2019 AHR Expo

Just returned from attending the Air Conditioning, Heating, and Refrigeration Expo held in Atlanta Georgia.  Some of the biggest names in the HVAC industry, such as Carrier, Trane, and York, were in attendance.  Along with cooling and heating equipment, those manufacturers that make specialty items such as boilers, compressors, piping, controls, motors and refrigerants were also in attendance.  Visitors, as well as vendors, came from all over the world to see new product lines as well as to showcase their products.  The trend, as has been the case for several years now, is to make machines more energy efficient.  Incorporating electronics to measure different parameters such as temperature and pressure, is now routinely done.  Depending on the type of equipment, manufacturers are also offering options on how the equipment is monitored.  Some owners prefer to let their on-site personnel keep up with the operation of their equipment while others are connected by internet to a servicing agency.

No matter how efficient or how well built a machine is, it will eventually fail.  Hopefully, when it does, there won’t be any property damage or personal injury.  But if there is,  the information collected during the Expo on various products will be invaluable in helping to determine the cause of failure and subsequent damage.  More specifically, the literature can be used to help identify a machine by model number, determine the pressure limitations, or establish the power requirements.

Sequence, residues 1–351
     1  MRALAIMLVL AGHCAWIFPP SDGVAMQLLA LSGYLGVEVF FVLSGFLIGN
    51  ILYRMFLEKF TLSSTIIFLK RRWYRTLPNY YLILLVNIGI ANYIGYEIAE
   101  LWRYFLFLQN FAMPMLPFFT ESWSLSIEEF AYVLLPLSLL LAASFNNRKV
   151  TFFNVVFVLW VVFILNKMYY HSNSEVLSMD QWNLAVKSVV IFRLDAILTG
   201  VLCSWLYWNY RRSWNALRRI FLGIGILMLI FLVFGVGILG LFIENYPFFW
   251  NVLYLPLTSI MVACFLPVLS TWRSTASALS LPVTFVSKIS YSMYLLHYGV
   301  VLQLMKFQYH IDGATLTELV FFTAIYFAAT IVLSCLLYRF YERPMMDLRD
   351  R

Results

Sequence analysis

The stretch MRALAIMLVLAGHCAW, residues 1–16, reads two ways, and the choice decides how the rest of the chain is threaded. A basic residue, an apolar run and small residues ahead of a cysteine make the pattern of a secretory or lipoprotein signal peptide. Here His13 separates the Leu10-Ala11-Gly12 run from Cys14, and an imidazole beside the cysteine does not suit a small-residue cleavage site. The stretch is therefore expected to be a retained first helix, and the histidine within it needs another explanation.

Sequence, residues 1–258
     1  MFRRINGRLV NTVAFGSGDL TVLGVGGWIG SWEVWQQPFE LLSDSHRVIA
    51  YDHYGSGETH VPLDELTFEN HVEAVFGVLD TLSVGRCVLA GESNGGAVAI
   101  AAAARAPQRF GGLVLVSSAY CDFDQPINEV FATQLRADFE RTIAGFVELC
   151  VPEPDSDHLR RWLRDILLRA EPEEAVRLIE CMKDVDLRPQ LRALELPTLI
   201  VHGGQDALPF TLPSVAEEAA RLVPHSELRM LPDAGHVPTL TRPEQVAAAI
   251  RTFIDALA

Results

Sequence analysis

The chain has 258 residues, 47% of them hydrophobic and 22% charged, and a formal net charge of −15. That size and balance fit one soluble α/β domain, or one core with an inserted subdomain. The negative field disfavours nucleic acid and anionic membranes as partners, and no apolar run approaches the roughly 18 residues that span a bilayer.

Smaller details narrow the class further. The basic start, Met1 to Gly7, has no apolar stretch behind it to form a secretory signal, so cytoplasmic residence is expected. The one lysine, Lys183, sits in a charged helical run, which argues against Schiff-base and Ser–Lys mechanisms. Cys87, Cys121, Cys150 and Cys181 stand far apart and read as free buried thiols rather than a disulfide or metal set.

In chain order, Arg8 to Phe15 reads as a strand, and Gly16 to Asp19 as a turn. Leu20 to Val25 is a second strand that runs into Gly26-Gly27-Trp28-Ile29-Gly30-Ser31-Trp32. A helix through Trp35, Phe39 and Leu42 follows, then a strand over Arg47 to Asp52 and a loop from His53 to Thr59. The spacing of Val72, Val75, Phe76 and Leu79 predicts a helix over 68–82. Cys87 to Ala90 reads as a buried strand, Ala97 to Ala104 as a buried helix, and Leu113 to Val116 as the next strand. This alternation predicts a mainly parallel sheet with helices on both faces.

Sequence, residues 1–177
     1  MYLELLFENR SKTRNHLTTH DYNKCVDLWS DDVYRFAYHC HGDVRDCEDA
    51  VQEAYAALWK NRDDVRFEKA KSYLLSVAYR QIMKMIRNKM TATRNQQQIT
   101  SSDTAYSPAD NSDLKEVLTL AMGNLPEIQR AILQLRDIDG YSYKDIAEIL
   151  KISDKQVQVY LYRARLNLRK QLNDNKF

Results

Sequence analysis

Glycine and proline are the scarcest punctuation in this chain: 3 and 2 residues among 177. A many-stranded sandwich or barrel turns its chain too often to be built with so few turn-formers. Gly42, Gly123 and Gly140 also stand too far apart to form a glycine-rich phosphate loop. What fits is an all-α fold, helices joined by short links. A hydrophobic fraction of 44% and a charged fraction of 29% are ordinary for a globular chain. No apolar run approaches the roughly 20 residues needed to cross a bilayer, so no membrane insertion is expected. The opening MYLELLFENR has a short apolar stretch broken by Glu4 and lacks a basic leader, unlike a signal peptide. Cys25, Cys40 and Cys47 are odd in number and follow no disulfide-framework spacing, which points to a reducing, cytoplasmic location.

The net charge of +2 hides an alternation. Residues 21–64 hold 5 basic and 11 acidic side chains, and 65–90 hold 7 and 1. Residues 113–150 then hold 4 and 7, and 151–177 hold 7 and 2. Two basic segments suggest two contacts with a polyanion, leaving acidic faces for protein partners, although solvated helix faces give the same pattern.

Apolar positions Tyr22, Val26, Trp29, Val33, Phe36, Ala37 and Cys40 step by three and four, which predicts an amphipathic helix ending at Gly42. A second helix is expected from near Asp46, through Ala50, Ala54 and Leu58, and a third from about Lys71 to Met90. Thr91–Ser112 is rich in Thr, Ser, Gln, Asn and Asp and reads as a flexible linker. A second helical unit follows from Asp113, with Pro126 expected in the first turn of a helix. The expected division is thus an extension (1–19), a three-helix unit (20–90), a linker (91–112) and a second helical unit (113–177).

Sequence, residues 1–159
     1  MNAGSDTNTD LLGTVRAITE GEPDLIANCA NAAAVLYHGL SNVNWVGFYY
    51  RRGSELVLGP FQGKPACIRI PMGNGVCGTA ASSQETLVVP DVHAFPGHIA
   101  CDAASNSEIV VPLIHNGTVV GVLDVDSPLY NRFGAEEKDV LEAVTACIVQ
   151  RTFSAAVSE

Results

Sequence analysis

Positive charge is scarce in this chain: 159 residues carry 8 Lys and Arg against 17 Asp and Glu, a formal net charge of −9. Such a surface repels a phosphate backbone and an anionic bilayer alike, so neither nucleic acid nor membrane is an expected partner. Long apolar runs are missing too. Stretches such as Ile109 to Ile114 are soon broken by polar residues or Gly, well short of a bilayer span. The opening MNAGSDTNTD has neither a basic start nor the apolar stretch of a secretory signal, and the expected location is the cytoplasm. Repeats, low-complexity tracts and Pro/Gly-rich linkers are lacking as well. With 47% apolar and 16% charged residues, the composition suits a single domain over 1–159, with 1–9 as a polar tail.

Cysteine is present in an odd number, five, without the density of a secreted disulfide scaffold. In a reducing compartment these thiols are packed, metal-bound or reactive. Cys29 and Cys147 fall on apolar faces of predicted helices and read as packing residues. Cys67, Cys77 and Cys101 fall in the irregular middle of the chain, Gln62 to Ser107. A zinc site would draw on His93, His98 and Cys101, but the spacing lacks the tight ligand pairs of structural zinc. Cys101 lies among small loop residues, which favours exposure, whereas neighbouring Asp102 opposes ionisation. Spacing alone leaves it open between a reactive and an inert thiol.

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Beware of Acucraft Wood-Burning Fireplaces

Not many people know that Underwriters Laboratories certifies manufactured fireplaces.  Underwriters Laboratories is a testing organization that tests and certifies many products for use in residential, commercial and industrial applications.  The UL label is a consumer’s indication that a product has been tested and found safe for use by the consumer.  Specifically, manufactured fireplaces have to meet the requirements of UL 127 before certification is approved by Underwriters Laboratories.  In an effort to safeguard life and property, codes organizations, such as the International Mechanical Code, have incorporated the standard.  Municipalities that adopt the International Mechanical Code use the code as a means to determine if a mechanical installation is safe.

A situation was recently brought to our attention involving an Acucraft manufactured wood-burning fireplace.  The fireplace was purchased for $9000.00 for use in a renovated bonus room.  During the renovation, a structural issue arose that required a building inspector to visit the property.  Upon doing so, it was discovered that a permit for the installation of the fireplace had not been issued by the city.  Upon further inspection, the mechanical code inspector discovered that the fireplace did not meet the code requirement for the fireplace to have been certified according to UL 127.  As a result, work on the project was halted.  The useless fireplace is shown below.

 

Acucraft Uncertified Wood-Burning Fireplace

 

Acucraft was later contacted and verified that their wood-burning fireplaces were NOT subjected to any testing protocol such as UL standard 127.  As a result, the homeowners are left with an expensive fireplace that the local codes department will not approve and therefore cannot be used.  Acucraft wood-burning fireplaces can be seen on their website at www.acucraft.com.  It is understood that Acucraft does not sell its products through a retail network but instead, sells directly to the customer.  Before buying a product, be sure that the product meets applicable code requirements in the local area where it will be installed and that the installing contractor obtains the necessary permit for the installation.

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